"Then you will help?"
"You want me to erase the law, then, Dr Nerys?"
"I do, yes."
"The problem with that, Dr Nerys," Romo steepled his fingers beneath his chin and stared thoughtfully over the doctor's shoulder,
"Is that such issues need to be approved by the Council. I could issue a Presidential order regarding the abolition of the law but…such a thing would not be conducive to my political career."
"This law is a serious, life-threatening danger, Mr President. I hardly think your political career being less favourable should influence your decision." Nerys burst out, and Romo admired her passion and forcefulness even as he shook his head regretfully.
"No, Dr Nerys. It is not as simple as you make it out to be. It never is as simple as you make it out to be. If I override the Council, it will detrimentally affect my standing with them, and make it less likely they will vote in my favour on other – just as important – matters. I have to follow proper procedure."
Nerys accepted that without showing any emotion, and asked brusquely,
"Which way do you think the council will vote, Mr President? And how soon can you hold a vote? I ask because it is a matter of some urgency. Miss Addison is at six weeks gestation, according to the ultrasounds, and the sooner we can terminate, the safer it will be for her. Time is of the essence."
Romo shrugged, lifting his hands palm up in the air in a gesture of uncertainty.
"We have a mixture of men and women, and conservatives and liberals on the Council, Dr Nerys. I would not like to guess –"
"But if you had to?" Nerys interrupted and Romo shrugged again,
"It would be a close vote, I think." He considered the people on the Council – yes, it would indeed be a close vote, although he was sure of only a few of them. He knew for a fact that Tercel would vote against revoking the law, and that Manya and Sarah would vote for, but other than that, he had very little to go on.
"I can call an emergency Council meeting this afternoon, but as to whether everyone will be available to attend at this short notice, I don't know. At the very least, I can present the motion today to the majority of the Councillors, but don't expect a decision until tomorrow, Dr."
Nerys nodded and leaned forward, faded blue eyes intent on Romo's, and he wished he'd put his tinted glasses on when he got up. At this present moment they were sitting unhelpfully on his bedside table. Godsdamnit. He held her gaze though, as she spoke.
"This is important, Mr President. I will not see a young girl's life ruined because the silly boy she was frakking didn't have the self-control to pull out." Her eyes were fierce on his,
"One little thoughtless mistake, by a couple of hormone-ridden teenagers should not equal a life of servitude unwilling. Liara Addison is a bright, thoughtful, kind girl – she could do great things; but not if she dies in childbirth, or is hindered by a baby she is not equipped to raise."
Romo was for one of the few times in his life, pinned by the woman's gaze as opposed to the other way around. Usually it was he discomfiting people, setting them off balance and seizing their attention. He disliked the sensation, but couldn't look away – refused to drop his eyes.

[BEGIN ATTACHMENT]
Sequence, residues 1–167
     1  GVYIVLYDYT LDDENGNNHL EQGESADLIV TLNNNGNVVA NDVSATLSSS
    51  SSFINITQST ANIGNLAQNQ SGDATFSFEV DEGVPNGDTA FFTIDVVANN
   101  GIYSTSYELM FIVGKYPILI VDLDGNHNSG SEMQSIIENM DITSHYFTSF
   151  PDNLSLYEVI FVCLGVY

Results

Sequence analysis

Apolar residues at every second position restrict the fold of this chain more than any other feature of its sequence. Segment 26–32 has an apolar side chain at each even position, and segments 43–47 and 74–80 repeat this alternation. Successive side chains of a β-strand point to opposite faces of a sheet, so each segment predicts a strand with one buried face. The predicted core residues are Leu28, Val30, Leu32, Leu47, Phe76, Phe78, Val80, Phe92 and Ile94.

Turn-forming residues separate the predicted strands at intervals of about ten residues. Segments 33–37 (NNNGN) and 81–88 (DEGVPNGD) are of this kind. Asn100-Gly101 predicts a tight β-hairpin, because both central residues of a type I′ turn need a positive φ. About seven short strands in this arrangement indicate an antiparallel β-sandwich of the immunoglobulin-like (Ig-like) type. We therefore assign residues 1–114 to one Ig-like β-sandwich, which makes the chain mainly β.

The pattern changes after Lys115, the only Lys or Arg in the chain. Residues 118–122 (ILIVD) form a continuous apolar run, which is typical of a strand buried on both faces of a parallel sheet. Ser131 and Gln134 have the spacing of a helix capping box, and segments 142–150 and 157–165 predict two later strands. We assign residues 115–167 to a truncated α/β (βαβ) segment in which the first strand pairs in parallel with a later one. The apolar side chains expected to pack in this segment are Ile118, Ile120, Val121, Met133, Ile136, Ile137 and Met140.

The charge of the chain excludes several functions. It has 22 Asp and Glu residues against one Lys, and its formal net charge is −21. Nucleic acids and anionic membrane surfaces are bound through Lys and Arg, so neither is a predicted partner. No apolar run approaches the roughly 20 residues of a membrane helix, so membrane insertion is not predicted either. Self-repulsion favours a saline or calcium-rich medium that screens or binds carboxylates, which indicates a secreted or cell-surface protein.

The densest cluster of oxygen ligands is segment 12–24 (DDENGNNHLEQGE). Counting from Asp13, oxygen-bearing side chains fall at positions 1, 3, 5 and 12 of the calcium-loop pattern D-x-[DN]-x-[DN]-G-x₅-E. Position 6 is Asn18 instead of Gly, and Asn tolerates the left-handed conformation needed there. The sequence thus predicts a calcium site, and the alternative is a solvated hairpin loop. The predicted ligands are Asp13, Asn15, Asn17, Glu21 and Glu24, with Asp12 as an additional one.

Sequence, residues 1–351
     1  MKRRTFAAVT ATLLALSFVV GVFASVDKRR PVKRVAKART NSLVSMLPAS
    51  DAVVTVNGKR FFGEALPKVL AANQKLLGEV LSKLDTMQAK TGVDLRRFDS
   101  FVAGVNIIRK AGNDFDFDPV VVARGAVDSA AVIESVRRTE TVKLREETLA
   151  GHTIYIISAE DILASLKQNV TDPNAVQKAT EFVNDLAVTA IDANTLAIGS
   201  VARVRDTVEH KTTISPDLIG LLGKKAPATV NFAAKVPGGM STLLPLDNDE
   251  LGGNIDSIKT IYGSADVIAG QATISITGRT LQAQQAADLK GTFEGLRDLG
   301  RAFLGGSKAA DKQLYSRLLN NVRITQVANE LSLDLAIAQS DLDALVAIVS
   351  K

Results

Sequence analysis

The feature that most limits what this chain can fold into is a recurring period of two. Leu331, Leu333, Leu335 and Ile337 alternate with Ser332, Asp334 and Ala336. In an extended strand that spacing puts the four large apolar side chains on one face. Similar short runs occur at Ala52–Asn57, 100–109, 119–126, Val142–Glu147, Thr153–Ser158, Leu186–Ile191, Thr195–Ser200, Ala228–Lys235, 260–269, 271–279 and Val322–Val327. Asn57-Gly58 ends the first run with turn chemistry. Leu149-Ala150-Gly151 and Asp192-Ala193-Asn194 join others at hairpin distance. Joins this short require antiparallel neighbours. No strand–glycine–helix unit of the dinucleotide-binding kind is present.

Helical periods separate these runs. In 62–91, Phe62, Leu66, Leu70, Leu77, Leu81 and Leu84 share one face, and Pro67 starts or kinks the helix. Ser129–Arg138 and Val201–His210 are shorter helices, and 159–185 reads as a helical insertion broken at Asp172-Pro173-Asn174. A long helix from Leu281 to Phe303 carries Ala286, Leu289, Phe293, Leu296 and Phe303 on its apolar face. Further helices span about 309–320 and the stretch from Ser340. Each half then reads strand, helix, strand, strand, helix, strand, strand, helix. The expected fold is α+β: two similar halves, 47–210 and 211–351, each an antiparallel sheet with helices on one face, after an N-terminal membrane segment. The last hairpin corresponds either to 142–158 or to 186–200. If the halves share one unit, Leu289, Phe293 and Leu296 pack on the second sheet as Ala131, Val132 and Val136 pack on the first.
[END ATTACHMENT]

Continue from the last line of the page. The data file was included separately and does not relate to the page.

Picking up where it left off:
"I understand, Doctor." He said at last.
"I understand you completely."
"Thank you, Mr President." She got to her feet, spindly and tall, faded blue eyes sharp on his face, and Romo felt like a little boy under the sternly approving eyes of a particularly strict teacher.
"I appreciate your willing support."
"You are most welcome, Dr Nerys." Romo stood and accompanied her to the door in a gentlemanly fashion, inclining his head to her.
"I shall keep you informed of any developments as they happen, Doctor."
"Of course, you will, Mr President." Nerys told him with another of her small dry smiles, and then whisked off down the street toward the hospital, enveloped in that air of brisk agitation.
# # #
"Where's my cow? Is that my cow?"
"Nooo! No, no, no! It go BAAA! It a BAA!"
"That's right – It goes 'baa'. It's a sheep!" Was being read with great enthusiasm and all the right sounds from a dog-eared, tattered picture book.
"That's not my c –"
Hotdog looked up from the battered book with a jolt, embarrassed. He was suddenly overwhelmed by nervousness and his palms went all clammy. He wiped one hand on his pants – unable to dry the other hand, one finger clutched in Nicky's tight, hot grip.
"Ah, yeah. That's me." He assented and his hand unconsciously closed around Nicky's completely. So small in his.
"I'm Doctor Jasmine Charminder." She smiled down at him, expression meant to be reassuring, but it frakking wasn't. Not that it was her fault.
"And this must be Nicky." She continued, saving Hotdog from having to say it was nice to meet her or anything untrue like that. It wasn't nice to meet her.
"Hi Nicky. I'm Dr Charminder, but you can call me Jazz." She smiled at Nicky, took the chubby little hand Hotdog wasn't holding and gave it a little squeeze. Nicky smiled and babbled a jumble of toddler conversation – words that had meaning to Nicky, but were mostly too jumbled for Hotdog to understand them. Hotdog caught the word 'cow' in the mix somewhere, and a grin formed uninvited on his face. He loved that godsdamned book.
"Say hi, Nicky."